Facing up honestly to our responsibility for refugees
What are our obligations to those threatened by war and violence? What and how much can we cope with? When will we reach our uppermost limits? Each of these three questions is quite legitimate. But if the debate is restricted to the media soundbites "We can do it" and "The boat is full", then the refugee crisis threatens to tear our society apart. We need an honest discussion about our realistic scope for action.
Honesty is about establishing certain truths.
Yes, the large majority of the people coming to us are fleeing wars and civil wars or their immediate neighbouring regions.
Yes, a large proportion of the refugees have come to us from the Western Balkans. These people have no chance of asylum, however, and must quickly return to their home countries.
Yes, despite the unprecedented willingness on the part of Germans to help and the incredible work done by the local authorities, we have to do what we can to rein in the number of people migrating to Germany. After all, we cannot take in and integrate more than a million refugees year after year.
Honesty is about admitting we cannot control the momentum of migration with the tools of German domestic policy alone, and certainly not without Europe. Even then, we will not be able to break this trend overnight.
Germany has acted.
The burden on the federal states and local authorities is being eased. With our asylum package, we have created domestic conditions to allow us to help, first and foremost, those who are genuinely in need of protection. In so doing, we are not waving goodbye to our rule-of-law culture with its constitutionally guaranteed fundamental rights.
However, it is also clear that we must work with perseverance and resolve on international and European solutions in particular to reduce the pressure on Germany.
To do this, we need to restore our conviction that national egoism is not the answer and that acting together benefits us all.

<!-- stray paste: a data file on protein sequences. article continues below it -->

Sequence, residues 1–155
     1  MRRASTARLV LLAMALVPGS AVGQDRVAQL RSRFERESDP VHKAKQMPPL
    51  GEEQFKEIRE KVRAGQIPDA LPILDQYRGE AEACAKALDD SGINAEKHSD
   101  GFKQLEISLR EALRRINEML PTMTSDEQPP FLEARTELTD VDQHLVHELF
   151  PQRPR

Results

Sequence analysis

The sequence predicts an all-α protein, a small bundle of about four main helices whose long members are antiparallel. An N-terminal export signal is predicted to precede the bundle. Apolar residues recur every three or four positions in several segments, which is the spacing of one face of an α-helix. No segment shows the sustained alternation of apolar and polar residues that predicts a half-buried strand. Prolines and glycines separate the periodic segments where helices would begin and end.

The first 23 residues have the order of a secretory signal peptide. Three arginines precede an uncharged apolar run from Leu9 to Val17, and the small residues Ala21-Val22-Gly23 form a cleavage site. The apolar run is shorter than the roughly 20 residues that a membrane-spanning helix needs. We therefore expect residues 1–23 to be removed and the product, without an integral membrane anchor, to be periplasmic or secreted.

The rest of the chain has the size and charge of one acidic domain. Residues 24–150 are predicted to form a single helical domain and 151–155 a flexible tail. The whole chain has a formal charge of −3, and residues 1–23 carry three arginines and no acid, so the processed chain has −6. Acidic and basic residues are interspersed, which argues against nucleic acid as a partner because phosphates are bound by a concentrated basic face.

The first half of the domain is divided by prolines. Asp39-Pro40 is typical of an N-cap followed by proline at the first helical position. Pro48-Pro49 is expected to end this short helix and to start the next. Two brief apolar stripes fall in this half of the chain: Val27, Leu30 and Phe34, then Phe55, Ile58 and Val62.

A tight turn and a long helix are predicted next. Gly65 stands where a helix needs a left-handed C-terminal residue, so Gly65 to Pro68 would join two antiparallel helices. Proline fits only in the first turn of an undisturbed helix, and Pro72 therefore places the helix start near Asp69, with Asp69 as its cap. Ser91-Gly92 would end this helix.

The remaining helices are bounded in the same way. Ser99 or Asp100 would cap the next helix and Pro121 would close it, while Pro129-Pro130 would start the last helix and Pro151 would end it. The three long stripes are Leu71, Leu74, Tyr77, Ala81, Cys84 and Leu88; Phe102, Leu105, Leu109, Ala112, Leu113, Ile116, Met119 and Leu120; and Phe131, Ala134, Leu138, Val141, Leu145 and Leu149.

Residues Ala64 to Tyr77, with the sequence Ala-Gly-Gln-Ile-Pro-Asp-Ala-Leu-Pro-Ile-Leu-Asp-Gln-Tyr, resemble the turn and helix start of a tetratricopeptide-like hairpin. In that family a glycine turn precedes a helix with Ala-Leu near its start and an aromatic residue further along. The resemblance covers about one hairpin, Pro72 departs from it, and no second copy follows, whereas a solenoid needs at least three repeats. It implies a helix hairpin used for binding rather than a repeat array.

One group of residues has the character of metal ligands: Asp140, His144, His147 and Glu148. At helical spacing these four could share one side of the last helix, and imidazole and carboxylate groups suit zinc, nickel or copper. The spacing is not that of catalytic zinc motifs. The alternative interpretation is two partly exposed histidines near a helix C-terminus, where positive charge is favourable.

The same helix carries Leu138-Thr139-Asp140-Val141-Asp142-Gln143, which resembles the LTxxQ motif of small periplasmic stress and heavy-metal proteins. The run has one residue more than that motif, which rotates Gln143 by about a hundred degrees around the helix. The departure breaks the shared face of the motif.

While the EU's decision to redistribute 120,000 refugees is welcome, it is not enough. We need a permanent European quota system. While we have functioning European institutions, they are not equipped to deal with the current influx of refugees. Frontex [EU border management agency] needs more staff to secure the EU's external borders and should be extended to become a European border protection authority.
Joint border controls with Turkey in the eastern Mediterranean are overdue. The European Asylum Support Office already constitutes the embryo of a European asylum authority. We should take courageous steps towards integration also in this area.
We must help Greece and Italy to set up 'European arrival centres' where all refugees have to be systematically registered and then distributed fairly across the EU.
However, European solutions will only work if we can reach agreements with key countries in the European neighbourhood, especially Turkey.
The European Commission has proposed an action plan to this end, which we are flanking with a bilateral dialogue on migration.
We have to support the countries that are currently hosting the bulk of the refugees.
Along with Turkey, these are mainly Jordan and Lebanon. In New York, we were able to increase our support for international humanitarian aid organisations by $1.8bn.
Our most important and forward-looking foreign-policy task remains to tackle the refugee crisis at source.
This is why we are doing our utmost to achieve political solutions to the major crises and trouble spots of the Middle East and northern Africa.
This includes talks with Russia, which played a constructive role in the realisation of a nuclear agreement with Iran.
Steps must be taken to stop the state structures in Syria from imploding or exploding in their entirety, leading to even greater numbers of people seeking refuge here.
In all of our efforts, we must remember that we will only achieve understanding and trust by talking about our realistic scope for action.
That is why we need both confidence and realism.
Only with confidence will we be able to mobilise the political and social forces needed to seize the great opportunities posed by integrating these refugees.
And only with realism will we be able to put our humanitarian aims into practice.
Our policies will only be accepted in the long term if we do not overstretch the willingness to help shown by the people of our country.
And we will only achieve acceptance when people are not neglected in our country and when their entirely real needs and problems are taken seriously.
We are at a crossroads between a continent where barriers, fences and national egoisms once again divide us and a continent that manages to find joint responses with a European asylum policy and joint efforts to tackle the causes of flight - a continent that is honest and rises to this great challenge with a clear vision and without any illusions.
Sigmar Gabriel (is the German minister for economy, deputy chancellor) and Frank-Walter Steinmeier (is minister for foreign affairs) on the refugee crisis